In the months following prime time television’s shooting season, workers from the Hawaii chapter of the International Alliance of Theatrical Stage Employees, Moving Picture Technicians, Artists and Allied Crafts (IATSE) union catch up on sleep, remodel homes, collect unemployment, and generally get some well deserved rest from the rigorous sixteen hour days they’ve pulled for the last six to eight months. Sometimes after being suitably renewed, they’ll help out on a colleague’s side project; they may even spearhead one of their own. After all, most of them are in the entertainment industry because they love what they make.
Veteran grip and music documentarian Bill Draheim is a lifelong fan of film and music. This is the story of how he and I wrote, produced and shot our own short here in Hawaii: a project we called John E. Dirt.
Hawaii is both tiny and global at the same time. The upshot of this is that everything you find on the continent can be found here, albeit on a smaller, more concentrated level. The independent film scene is no exception and is a bit like a high school drama club with world class talent. While in LA every last person in town – from the pizza delivery guy to the barista who serves you your soy latte – is a
producer scrabbling to make a name for themselves, in Hawaii the film community is much more collegial. There is little of the dog-eat-dog intensity that characterizes “the game” on the other side of the ocean. As I was introduced to the local players, I soon realized how supportive it could be.
One night, about a year ago, Bill and I were hanging out, tossing around ideas for movies over beers. Bill began to describe an image he had had of a man trapped in a room, forced to watch footage of deafening industrial music on an old tube television. His captors by turns cajole and threaten him in an effort to get him to play the music he is subjected to, but every time he picks up his guitar – the only luxury afforded him – he reinterprets the sonic barrage in a mellow, bluesy style. Of course, his noncompliance comes with consequences and there is hell to pay….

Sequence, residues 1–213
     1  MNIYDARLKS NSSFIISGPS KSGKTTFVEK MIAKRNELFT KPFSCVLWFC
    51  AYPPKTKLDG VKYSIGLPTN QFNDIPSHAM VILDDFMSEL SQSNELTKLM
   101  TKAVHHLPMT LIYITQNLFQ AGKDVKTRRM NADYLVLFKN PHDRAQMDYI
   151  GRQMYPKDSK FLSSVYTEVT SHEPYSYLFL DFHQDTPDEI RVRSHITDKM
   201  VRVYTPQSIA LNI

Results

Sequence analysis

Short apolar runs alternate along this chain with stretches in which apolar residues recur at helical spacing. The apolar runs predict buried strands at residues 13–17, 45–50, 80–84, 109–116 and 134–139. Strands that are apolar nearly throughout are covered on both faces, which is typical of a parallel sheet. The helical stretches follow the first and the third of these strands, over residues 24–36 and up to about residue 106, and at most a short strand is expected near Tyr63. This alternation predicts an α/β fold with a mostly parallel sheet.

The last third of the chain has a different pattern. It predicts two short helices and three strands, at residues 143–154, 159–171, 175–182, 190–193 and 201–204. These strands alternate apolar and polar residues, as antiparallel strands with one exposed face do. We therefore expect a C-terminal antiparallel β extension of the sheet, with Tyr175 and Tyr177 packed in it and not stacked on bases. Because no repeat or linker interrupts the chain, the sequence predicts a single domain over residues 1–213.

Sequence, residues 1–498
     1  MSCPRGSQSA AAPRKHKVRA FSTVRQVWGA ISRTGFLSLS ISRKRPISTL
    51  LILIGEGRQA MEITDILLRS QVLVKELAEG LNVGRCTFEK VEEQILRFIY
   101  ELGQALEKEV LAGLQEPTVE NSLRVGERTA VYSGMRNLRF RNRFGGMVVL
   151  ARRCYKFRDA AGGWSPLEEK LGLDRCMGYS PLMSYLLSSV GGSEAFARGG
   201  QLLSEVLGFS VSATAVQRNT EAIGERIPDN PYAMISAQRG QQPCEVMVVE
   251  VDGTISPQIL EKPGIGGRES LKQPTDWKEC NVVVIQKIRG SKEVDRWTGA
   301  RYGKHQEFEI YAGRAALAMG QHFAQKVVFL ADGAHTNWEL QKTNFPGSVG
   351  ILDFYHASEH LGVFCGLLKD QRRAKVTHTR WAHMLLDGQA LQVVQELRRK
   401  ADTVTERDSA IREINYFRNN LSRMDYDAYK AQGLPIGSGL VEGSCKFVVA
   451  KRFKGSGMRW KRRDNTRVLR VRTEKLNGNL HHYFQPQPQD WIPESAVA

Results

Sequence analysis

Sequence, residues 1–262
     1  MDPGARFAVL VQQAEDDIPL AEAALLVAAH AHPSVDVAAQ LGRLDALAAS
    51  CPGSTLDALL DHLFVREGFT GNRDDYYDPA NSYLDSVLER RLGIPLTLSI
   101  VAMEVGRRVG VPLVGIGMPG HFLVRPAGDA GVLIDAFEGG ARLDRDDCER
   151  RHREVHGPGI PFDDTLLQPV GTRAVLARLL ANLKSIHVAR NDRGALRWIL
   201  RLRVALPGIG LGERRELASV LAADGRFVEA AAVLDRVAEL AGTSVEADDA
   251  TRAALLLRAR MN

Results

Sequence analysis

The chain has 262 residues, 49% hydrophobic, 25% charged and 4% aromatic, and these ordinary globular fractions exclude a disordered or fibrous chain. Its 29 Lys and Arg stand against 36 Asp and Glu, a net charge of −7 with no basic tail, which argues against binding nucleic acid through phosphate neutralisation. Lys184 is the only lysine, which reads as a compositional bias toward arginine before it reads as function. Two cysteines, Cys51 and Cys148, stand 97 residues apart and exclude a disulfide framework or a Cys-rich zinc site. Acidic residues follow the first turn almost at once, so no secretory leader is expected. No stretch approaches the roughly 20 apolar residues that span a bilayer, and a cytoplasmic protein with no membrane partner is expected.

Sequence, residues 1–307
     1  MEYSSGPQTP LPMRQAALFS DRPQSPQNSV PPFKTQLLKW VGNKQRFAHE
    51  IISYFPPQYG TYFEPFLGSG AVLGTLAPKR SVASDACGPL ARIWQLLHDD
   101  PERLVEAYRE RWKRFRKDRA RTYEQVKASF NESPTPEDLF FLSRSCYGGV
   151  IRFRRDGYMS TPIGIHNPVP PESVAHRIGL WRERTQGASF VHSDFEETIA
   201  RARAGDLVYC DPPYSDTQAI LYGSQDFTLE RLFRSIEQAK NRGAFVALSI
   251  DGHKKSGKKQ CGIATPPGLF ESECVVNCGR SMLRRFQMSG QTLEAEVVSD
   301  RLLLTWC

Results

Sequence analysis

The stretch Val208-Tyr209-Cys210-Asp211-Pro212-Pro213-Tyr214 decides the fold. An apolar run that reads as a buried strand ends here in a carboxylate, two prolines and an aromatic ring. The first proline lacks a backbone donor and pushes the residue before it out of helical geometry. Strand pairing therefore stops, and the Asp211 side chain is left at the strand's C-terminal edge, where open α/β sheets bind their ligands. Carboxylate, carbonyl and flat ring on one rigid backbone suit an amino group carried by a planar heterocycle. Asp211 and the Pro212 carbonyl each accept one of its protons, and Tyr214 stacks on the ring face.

I liked it. It was a great idea for a number of reasons. For starters you’ve got your typical exegesis on the eternal conflict of the artist (to sell out or not to sell out, that is the question). But, even better, the premise reflected more timely social issues. Recent events at Guantanamo Bay have cast something of a pall over our smug belief that torture is what other countries do. And the fact that heavy metal music was used as a method of torture on the detainees… well, that sort of symmetry doesn’t just come out of nowhere. Of course, there was a bit of irony in that John E. Dirt the detainee is tortured by his own music.
We wanted to make it a dark film. As we were going to finance everything ourselves, we wouldn’t have to deal with restrictions from outside agencies – if we had the chance to make another movie in the future, we would have to get funding; and that might mean making something more accessible. I had always wanted to try my hand at a movie script, so I told Bill I would take a crack at it.
But the biggest benefit of the premise was a practical one: we would only have to find one room to shoot in.
End of Part 1
Reference Trailer #1
Reference Trailer #2